daniel cohen looks at Roman Polanski’s new comedy/drama …
Plot: When two sets of parents meet to discuss an altercation their children had, the discussion slowly explodes into loud arguments, and even begins to pit husband and wife against each other.
Just to be clear, this is not about the Spider-Man villain Carnage. It’s the new Roman Polanski film, which consists of four characters, one setting, and a lot of humorous shouting matches. This is a really funny movie, but it’s not your typical ‘Laugh Out Loud’ style comedy. It’s more of the chuckle to yourself brand of humor, and Polanski provides the perfect tone all the way through.
As the situation slowly escalates from being a simple awkward conversation, to all out yelling by the end, the tone remains consistent. This is a comedy. Yes, these people are certainly going through some problems that are not to be taken lightly, but it’s still funny. These are normal people who for whatever reason self-destruct on this particular day under these particular circumstances. They aren’t completely screwed up with deep emotional problems, they are just really flawed.
The film is paced perfectly. Things escalate at the precise moments. What’s so fascinating to me is that this whole thing could have easily ended in the first two minutes as the Christoph Waltz/Kate Winslet couple are about to leave. But for some reason, their stay is extended, and things just happen. That’s what I love about this movie. It gets to a point where it’s so contentious and cut throat, but I can’t even pin point where the bomb went off, so to speak…it just happens.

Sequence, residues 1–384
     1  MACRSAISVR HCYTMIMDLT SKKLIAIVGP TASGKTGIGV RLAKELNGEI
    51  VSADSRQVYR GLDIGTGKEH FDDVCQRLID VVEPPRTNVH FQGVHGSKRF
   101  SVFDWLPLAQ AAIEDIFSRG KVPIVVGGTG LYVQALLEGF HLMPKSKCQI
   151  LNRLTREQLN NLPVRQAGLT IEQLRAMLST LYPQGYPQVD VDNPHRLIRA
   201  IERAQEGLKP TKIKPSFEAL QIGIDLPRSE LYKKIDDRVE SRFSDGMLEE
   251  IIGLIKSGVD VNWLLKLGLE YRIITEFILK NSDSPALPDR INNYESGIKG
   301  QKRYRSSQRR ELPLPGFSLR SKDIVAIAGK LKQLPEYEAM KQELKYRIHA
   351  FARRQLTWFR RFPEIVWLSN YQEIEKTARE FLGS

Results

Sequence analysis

But as great as the script and direction are in terms of setting the right tone, this wouldn’t work at all if you don’t have four great actors at the helm. Jodie Foster plays Penelope, the opinionated writer. Her husband is the jokey Michael, played by John C. Reilly. With the other couple, we get Christoph Waltz, the workaholic Alan, and his wife, the uptight Nancy (Kate Winslet). Yeah, with this cast, we aren’t messing around. What’s so great about watching these characters interact, is that as an audience member, you can side with who you think is right, or less insane. Everybody will gravitate towards a different personality as we are all different.
Jodie Foster’s character is the real antagonist, though. While I said at the beginning that these characters are all generally normal human beings, Foster’s Penelope is probably closest to being a crazy person. The other three characters all have moments of levelheadedness, but it’s her who always seems volatile and unreasonable. And as much as I love Foster’s performance, especially her conflict with Waltz who’s the perfect foil for her, the character was a little much. And that’s my biggest criticism. Foster pushes it a little too far at times, to the point where I can’t even understand some of her ramblings. I think the director wanted you to loathe and feel sympathy for everyone, but I didn’t empathize with her at all … I hated her.
The two performances that stood out were Winslet and Waltz. Winslet might be the best actress working in Hollywood today. She plays this matter of fact/uptight personality to perfection, but is seamlessly able to switch gears later in the film. And Waltz is hysterical, but not in the John C. Reilly kind of way. He is so annoyed by having to be dragged to this little parent conclave, when he desperately wants to get back to work. His looks throughout the film are priceless. Both these characters are probably the ones who I gravitated to towards the most, until the very end, when Winslet’s Nancy goes a little bit over the line.
Unfortunately, Reilly’s character didn’t really do much for me. He’s very good in the film, but he’s the one person that I ironically found the least funny.
Carnage is an odd film, as it deals with a lot of emotional baggage, yet I left the theater in a chipper mood. It’s a perfect length, and just a blast to watch these four actors go at it for 80 minutes.
Rating: 8 out of 10 (Great)